though Alan Lindquest was not trained specifically as a vocal therapist (the
profession was in it's infancy at the time.), he did become a very important
pioneer in that field. His unending dedication and hard work toward helping
those with vocal damage inspired many to study the effects of these vocal exercises
on the damaged voice; including my friend Dr. Barbara Mathis of Lamar University
in Beaumont, Texas. I remember not too long ago, I was listening to a tape of
Lindquest working with an extremely damaged voice. This woman literally could
barely phonate at the beginning of the session. He continued to be positive
yet diligent in his work with her throughout the hour. Even though it was extremely
difficult for her to execute the exercises throughout the first half of the
lesson, miraculously she began to find a solid tonal quality toward the middle
of the tape. Lindquest's love of people and convincing positive attitude inspired
this woman to succeed.
My friend, Dr. Barbara Mathis, performed her doctoral research with the use
of the Lindquest exercises on extremely damaged voices. She documented the vocal
progress through the use of the fiberoptic camera. It was in the office of Dr.
Van Lawrence, then laryngologist for the Houston Grand Opera, that Dr. Mathis
made such groundbreaking discoveries using Alan Lindquest's vocal exercises.
She is now respected as one of the finest vocal technicians in the country.
I acquired this particular tape of Lindquest working with a damaged voice in
1993 while visiting his widow, Martha Lindquest, in Virginia. I had contacted
her many years after my study with Lindquest and she was gracious enough to
have me come and visit her. She shared many photographs and tapes of Lindquest
both teaching and performing. There were several aspects of Lindquest's teaching
on this tape that struck me as exceptional. The first aspect of his teaching
that impressed me as exceptional was his great patience with the client. This
woman suffered extreme vocal damage, yet his supportive kindness was present
throughout the tape. Another aspect of his attitude was his determination that
she could definitely be successful if the exercises were performed correctly.
This belief became more and more contagious as the hour progressed. You can
actually hear this woman's attitude change during the hour greatly because of
his positive input toward the work plus the undying belief that success was
inevitable. Lindquest beautifully executed his exercises using Garcia's 'coup
I have worked with many damaged voices in the 30 years I have had access to
this vocal work. I have not once found a voice that could not benefit from these
exercises. Recently, I had the opportunity and experience of working with two
young singers suffering from the same vocal dysfunction; diplophonia. Diplophonia
is a condition whereby the vocal cords produce more than one note at the same
time. It is defined as a double or multiple tone, usually associated with differential
tension of the vocal folds. As you will read later, these two singers were both
successful in solving their vocal difficulties.
Case Study #1
Lyric Tenor: Diagnosed 9 years ago. The original vocal dysfunction subsided
after a short time until 3 years ago. Throughout the last 3 years, this young
man has been to multiple voice teachers, voice therapists, and laryngologists.
He has had abdominal surgery to tighten the valve just above the stomach in
order to correct the condition of reflux. Also, he has had vocal cord surgery
for the realignment of the right vocal cord. Neither of the surgeries was successful
in solving his vocal dysfunction called diplophonia.
This young man contacted me several months ago through this web site. He asked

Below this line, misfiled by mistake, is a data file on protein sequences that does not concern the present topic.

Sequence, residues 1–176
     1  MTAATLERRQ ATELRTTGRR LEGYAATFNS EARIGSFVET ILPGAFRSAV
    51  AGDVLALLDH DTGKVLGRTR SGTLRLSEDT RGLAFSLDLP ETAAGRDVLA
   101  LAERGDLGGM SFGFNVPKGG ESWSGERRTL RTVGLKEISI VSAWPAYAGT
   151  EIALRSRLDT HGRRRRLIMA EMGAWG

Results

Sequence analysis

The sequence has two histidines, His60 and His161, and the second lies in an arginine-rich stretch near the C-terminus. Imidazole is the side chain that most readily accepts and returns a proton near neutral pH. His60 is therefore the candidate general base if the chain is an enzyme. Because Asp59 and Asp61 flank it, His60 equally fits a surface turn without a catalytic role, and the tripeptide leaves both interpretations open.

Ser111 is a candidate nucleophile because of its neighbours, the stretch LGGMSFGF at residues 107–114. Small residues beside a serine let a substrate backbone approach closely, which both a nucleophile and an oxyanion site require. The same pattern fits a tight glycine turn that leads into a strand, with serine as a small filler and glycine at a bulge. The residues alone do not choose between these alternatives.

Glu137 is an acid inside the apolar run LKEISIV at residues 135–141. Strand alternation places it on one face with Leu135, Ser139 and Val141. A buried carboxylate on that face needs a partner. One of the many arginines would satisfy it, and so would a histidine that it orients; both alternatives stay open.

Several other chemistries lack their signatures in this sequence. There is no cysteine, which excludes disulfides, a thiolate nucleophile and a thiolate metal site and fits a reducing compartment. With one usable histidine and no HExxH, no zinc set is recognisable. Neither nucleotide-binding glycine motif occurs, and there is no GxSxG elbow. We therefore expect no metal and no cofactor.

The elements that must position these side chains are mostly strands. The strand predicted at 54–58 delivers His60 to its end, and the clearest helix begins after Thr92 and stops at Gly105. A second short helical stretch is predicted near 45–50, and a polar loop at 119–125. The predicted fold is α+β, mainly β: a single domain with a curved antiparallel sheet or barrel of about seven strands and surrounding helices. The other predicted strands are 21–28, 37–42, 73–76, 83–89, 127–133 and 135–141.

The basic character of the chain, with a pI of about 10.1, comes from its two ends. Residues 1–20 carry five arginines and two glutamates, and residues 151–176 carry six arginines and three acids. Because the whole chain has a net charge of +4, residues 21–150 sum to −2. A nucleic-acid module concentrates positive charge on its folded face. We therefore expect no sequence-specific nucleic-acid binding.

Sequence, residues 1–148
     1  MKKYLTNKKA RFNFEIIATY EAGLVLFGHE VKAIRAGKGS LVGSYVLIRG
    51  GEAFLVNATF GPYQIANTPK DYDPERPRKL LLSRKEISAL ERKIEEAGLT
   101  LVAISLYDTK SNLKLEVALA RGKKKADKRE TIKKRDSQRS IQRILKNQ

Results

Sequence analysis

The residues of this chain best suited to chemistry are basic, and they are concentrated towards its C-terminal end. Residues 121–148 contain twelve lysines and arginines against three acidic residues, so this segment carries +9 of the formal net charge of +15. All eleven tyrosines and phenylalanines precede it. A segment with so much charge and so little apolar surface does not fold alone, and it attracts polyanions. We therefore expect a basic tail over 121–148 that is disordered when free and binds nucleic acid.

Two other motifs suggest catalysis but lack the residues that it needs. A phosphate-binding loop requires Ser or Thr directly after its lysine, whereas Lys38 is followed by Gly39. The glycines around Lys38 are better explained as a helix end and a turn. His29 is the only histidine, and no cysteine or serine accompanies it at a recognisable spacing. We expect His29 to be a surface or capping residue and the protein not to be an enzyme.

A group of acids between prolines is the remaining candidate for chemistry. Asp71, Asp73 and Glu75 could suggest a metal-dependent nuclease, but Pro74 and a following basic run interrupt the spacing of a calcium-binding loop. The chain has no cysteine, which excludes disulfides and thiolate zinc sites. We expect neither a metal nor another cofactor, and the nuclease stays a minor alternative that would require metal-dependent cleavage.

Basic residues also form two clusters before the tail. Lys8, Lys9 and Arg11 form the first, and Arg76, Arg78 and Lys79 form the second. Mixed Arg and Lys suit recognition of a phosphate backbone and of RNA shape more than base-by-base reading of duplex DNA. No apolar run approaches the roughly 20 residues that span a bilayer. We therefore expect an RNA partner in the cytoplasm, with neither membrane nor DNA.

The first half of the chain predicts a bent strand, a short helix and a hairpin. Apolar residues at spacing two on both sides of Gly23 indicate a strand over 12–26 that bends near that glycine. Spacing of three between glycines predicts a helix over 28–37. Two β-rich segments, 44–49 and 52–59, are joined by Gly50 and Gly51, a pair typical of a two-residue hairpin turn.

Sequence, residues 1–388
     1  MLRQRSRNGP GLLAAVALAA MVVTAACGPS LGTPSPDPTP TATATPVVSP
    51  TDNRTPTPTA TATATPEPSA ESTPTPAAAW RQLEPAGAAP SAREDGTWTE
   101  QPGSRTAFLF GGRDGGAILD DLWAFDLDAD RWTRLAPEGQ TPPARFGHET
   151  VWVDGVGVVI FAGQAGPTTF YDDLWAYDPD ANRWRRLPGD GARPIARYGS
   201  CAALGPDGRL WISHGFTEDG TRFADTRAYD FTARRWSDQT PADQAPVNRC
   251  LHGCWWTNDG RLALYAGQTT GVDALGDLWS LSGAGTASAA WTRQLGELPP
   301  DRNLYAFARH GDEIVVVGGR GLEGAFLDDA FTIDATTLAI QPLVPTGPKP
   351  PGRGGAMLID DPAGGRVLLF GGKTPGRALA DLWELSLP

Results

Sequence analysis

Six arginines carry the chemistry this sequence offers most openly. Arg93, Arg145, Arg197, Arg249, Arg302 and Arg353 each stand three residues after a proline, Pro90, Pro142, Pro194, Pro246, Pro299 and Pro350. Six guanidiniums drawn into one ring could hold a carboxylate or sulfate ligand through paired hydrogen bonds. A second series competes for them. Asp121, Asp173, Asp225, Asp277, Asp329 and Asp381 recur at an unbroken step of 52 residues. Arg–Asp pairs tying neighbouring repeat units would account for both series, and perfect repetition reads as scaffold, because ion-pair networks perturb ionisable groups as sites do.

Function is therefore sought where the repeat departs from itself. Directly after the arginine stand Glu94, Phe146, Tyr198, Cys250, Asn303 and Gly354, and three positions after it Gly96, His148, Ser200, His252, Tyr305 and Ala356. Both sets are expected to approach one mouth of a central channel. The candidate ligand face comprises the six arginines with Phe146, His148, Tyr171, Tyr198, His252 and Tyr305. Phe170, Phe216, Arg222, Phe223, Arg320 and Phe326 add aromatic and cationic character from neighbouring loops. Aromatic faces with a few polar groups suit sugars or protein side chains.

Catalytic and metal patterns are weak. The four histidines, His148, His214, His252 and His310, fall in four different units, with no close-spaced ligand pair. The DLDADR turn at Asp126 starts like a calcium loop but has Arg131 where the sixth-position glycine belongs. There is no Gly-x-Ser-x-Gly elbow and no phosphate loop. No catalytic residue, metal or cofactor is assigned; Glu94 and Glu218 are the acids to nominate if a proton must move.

several technical questions and I was able to answer him with some concrete
solutions that have proved to be successful. The primary reason that I was familiar
with the condition was due to the fact that I had worked with a young mezzo
with the same condition. He immediately contacted me regarding his success at
practicing without the diplophonia interfering with the purity of tonal quality.
It was at that time that he decided to come to New York and study in my studio
for 4 days. Within the first 5 minutes of vocalization I was able to see much
of the problem. His jaw was thrusting forward which was causing incredible pressure
at the root of the tongue. He also suffered from a high larynx. (See article
on damaging vocal techniques.) The resulting vocal difficulty was several pitches
sounding at one time caused by muscular diplophonia. At the end of his previous
therapy, he was told that nothing else could be done. In fact the singer was
basically blamed for the condition. The vocal therapist simply said you are
'doing something' (nothing was explained in terms of a solution.) and until
you stop, the condition will continue to be a problem. At this point, this singer
was at the end of his rope and was desperately seeking solid vocal help that
would allow him to recover his beautiful tenor voice. It was timely that he
found my web site and we had the opportunity to work together. In a matter of
4 sessions this young tenor could vocalize to high E-flat above high C. Through
the use of the Caruso scale he was able to realign his passaggio without any
interference of the high larynx. The thrusting forward of the jaw was yet again
the culprit of major vocal trouble for this young singer. Dr. Barbara Mathis
has proven through her research that the vocal cords do NOT approximate closely
when the jaw is thrusting forward out of its socket. We are all fortunate indeed
that she spent so much time and energy performing her vocal research through
the use of fiberoptics.
Upon his return to Michigan, this young tenor began to develop problems yet
again. At first, I was concerned that I had missed a piece of the puzzle in
his vocal distress. He returned to New York for a second set of lessons and
the problem was completely solved. I took him to Dr. Anat Keidar, voice pathologist
for Dr. Anthony Jahn's Laryngology Office. Indeed she gave him a clean bill
of health and confirmed that the problem was a direct result of a high larynx
accompanied by tremendous tongue pressure. The next few lessons were life altering
in that the voice began to open beautifully from working toward a lower larynx
position. The registers began to blend and the voice had NO sign of diplophonia.